Jesus’ submission to His Father’s plan placed Him on the center cross, between two thieves. One asked Jesus for pardon and received it with a promise of being in Paradise with Jesus that day; the other thief rejected Jesus, and lost his chance to be in the next garden. In one sense these three crosses represent the three gardens: 1. Man sinned (Eden) 2. Jesus paid the penalty for man’s sin (Gethsemane and Calvary). (3) The thief who repented received mercy and a promise of Paradise, the third garden.

 What is this third garden like? Here’s John’s description of it from Revelation 22:1-5:

 “Then the Angel showed me Water-of-Life River, crystal bright. It flowed from the Throne of God and the Lamb, right down the middle of the street. The Tree of Life was planted on each side of the River, producing twelve kinds of fruit, a ripe fruit each month. The leaves of the Tree are for healing the nations. Never again will anything be cursed. The Throne of God and of the Lamb is at the center. His servants will offer God service—worshiping, they’ll look on his face, their foreheads mirroring God. Never again will there be any night. No one will need lamplight or sunlight. The shining of God, the Master, is all the light anyone needs. And they will rule with him age after age after age. (The Message)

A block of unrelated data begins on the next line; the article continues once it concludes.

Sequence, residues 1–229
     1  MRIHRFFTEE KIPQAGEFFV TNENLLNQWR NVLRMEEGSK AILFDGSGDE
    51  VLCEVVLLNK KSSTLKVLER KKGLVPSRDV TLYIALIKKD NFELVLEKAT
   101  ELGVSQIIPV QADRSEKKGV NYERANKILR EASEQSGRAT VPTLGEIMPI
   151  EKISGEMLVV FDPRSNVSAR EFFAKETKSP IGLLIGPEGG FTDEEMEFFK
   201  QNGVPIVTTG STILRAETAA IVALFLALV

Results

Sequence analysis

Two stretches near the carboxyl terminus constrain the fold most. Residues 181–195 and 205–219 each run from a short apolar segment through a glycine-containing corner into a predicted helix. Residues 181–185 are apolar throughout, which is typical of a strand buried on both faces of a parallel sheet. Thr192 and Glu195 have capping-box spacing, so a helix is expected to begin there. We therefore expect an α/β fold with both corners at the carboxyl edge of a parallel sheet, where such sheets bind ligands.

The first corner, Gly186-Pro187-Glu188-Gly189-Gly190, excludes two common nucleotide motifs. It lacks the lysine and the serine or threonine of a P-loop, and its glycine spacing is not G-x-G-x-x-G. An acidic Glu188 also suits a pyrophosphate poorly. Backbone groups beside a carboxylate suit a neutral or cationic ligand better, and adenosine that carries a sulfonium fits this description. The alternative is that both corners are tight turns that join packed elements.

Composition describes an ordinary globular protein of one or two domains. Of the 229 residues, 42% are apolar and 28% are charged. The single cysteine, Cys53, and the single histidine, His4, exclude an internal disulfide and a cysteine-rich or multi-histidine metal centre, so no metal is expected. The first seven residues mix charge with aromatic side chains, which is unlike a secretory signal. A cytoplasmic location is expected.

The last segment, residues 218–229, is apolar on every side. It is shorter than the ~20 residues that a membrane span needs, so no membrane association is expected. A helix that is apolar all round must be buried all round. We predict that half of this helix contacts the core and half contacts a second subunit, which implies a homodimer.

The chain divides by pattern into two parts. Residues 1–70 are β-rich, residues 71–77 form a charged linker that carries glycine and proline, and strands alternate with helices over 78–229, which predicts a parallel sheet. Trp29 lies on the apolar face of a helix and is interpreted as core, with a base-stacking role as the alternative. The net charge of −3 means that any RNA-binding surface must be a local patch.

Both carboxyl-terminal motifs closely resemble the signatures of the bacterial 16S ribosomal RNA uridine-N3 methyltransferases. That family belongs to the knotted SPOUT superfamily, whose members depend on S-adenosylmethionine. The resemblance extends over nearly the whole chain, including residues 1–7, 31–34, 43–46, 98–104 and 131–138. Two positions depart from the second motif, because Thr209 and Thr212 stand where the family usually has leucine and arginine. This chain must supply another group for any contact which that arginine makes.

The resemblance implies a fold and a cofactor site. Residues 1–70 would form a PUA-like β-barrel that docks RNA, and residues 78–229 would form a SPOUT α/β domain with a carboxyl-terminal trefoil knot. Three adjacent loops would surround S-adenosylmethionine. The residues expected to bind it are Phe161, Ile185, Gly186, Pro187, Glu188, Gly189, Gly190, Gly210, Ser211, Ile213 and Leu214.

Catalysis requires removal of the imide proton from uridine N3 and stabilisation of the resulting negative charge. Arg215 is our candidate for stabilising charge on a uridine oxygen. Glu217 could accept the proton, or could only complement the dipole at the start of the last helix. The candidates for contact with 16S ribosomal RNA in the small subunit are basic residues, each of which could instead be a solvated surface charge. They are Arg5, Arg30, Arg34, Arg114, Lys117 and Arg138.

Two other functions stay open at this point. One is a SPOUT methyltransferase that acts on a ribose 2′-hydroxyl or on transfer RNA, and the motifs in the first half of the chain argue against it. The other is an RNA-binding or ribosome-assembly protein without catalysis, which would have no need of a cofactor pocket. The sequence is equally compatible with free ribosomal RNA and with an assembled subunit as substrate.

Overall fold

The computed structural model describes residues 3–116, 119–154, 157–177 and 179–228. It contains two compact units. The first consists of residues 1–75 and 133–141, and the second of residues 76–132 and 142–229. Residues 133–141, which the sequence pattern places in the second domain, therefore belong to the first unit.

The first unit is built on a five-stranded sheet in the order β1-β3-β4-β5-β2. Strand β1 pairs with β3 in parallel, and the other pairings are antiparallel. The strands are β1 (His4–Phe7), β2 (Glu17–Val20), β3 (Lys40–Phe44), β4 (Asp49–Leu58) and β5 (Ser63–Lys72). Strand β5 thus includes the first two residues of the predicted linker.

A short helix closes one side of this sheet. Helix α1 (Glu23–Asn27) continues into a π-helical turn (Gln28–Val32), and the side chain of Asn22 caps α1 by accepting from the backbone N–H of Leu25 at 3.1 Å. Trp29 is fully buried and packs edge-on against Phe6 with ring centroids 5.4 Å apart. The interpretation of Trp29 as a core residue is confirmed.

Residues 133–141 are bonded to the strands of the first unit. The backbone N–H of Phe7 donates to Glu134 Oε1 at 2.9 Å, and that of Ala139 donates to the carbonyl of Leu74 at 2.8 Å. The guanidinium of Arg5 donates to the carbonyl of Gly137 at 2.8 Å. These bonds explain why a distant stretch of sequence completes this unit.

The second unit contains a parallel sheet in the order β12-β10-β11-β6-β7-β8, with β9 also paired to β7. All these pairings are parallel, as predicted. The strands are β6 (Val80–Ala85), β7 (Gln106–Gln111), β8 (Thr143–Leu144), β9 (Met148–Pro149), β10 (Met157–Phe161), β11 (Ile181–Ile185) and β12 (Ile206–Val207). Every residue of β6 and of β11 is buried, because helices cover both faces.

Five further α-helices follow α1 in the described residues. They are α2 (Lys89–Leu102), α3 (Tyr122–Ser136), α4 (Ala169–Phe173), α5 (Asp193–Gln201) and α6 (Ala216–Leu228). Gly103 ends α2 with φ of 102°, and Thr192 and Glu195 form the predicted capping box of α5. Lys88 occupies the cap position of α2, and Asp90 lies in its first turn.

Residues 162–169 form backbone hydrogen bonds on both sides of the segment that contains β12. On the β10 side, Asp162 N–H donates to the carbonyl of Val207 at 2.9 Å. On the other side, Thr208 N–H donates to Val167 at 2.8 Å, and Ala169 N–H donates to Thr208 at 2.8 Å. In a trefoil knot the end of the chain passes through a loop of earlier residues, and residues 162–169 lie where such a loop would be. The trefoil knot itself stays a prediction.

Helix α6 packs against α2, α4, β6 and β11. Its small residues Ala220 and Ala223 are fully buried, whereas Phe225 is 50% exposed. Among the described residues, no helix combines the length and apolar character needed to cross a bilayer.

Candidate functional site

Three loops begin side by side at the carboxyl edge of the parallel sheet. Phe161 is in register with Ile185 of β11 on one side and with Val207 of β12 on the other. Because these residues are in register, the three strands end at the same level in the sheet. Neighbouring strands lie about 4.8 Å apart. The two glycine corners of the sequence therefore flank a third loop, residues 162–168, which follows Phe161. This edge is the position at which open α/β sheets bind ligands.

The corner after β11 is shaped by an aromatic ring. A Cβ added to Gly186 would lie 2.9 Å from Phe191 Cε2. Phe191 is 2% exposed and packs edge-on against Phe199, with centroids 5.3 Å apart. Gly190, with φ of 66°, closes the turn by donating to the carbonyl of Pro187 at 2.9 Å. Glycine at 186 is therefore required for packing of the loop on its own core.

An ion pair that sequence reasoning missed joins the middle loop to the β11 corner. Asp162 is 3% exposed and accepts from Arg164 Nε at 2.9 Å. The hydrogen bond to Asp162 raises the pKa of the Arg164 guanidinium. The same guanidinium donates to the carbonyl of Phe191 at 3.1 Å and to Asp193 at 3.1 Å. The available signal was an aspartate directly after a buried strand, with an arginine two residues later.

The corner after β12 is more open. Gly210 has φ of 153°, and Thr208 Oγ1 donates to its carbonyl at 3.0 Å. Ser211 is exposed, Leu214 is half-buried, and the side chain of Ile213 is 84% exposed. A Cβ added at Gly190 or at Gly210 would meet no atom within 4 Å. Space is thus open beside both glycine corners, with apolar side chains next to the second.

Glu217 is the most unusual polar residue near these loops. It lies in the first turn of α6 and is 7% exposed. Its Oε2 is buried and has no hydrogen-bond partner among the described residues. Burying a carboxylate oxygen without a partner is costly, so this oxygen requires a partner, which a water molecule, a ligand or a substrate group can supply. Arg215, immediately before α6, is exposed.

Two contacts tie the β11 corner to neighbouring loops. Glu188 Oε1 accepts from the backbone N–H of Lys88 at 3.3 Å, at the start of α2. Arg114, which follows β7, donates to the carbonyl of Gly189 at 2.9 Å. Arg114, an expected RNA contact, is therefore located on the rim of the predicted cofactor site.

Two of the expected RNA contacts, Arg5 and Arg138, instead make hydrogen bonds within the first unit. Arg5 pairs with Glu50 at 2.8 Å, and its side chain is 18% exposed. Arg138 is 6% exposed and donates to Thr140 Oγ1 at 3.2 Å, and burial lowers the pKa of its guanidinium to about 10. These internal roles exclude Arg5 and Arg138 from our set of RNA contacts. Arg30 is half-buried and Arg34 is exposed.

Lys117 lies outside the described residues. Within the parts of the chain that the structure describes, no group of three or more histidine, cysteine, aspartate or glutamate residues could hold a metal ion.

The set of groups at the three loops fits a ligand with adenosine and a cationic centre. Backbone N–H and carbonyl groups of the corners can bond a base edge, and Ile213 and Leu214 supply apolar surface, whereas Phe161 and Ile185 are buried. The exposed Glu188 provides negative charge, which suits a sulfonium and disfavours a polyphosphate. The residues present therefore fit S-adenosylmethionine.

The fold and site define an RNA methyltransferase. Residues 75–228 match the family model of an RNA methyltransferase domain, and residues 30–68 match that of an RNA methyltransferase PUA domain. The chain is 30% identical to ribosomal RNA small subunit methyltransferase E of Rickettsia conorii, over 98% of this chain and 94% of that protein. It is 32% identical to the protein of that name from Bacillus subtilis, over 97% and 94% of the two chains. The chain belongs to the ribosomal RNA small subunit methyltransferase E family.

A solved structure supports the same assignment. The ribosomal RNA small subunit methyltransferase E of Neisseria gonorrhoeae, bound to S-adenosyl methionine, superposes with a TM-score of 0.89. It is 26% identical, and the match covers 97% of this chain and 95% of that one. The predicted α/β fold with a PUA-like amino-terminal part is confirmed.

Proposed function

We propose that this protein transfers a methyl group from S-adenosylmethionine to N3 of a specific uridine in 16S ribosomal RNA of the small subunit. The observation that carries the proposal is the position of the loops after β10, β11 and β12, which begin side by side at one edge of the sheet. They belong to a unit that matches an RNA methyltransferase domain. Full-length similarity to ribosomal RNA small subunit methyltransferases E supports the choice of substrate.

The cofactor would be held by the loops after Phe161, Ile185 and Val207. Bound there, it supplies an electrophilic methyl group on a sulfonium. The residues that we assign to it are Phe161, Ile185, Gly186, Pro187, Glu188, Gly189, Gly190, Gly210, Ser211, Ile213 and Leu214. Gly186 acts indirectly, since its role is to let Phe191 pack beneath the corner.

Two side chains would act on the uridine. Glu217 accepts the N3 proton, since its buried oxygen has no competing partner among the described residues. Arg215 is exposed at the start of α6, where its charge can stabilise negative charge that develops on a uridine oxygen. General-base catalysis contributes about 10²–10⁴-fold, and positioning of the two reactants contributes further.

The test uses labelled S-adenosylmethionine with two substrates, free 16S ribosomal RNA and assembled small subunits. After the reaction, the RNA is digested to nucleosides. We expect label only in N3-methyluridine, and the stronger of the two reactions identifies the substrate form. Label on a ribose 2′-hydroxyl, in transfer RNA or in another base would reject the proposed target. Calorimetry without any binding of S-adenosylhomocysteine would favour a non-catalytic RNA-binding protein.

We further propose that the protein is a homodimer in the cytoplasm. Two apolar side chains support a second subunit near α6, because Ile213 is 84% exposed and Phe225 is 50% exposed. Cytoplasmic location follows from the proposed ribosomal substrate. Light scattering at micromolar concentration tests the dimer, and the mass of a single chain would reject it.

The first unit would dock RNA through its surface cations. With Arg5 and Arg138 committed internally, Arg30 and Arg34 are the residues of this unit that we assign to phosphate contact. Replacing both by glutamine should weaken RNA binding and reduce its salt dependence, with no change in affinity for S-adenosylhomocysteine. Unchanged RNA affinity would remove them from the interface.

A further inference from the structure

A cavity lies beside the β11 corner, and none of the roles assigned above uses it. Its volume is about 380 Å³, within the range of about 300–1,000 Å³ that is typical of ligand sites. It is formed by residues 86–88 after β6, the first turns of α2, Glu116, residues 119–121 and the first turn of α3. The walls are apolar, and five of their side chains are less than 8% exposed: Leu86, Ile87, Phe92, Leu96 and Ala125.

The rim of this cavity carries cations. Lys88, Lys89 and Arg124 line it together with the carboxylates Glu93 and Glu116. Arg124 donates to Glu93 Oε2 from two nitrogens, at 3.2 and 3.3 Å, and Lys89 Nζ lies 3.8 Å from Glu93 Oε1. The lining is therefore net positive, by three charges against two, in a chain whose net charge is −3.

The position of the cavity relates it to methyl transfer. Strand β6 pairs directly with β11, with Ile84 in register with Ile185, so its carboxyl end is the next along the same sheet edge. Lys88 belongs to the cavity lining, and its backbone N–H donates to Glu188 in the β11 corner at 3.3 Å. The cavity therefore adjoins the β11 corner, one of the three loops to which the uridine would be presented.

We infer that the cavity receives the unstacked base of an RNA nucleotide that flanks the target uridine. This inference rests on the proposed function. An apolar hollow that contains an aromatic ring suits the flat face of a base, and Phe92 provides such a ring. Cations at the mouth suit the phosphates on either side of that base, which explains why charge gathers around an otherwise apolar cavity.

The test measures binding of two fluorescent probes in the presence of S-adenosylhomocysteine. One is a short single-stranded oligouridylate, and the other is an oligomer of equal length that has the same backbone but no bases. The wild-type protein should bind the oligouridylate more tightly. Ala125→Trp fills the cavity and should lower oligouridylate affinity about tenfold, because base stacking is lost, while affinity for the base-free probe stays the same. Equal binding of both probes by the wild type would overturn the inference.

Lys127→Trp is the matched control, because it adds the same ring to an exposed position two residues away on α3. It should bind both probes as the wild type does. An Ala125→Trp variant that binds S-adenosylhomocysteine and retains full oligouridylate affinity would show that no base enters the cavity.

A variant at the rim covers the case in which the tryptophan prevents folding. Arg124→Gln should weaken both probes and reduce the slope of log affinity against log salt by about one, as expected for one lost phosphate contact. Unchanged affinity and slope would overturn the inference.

I want to go there, don’t you?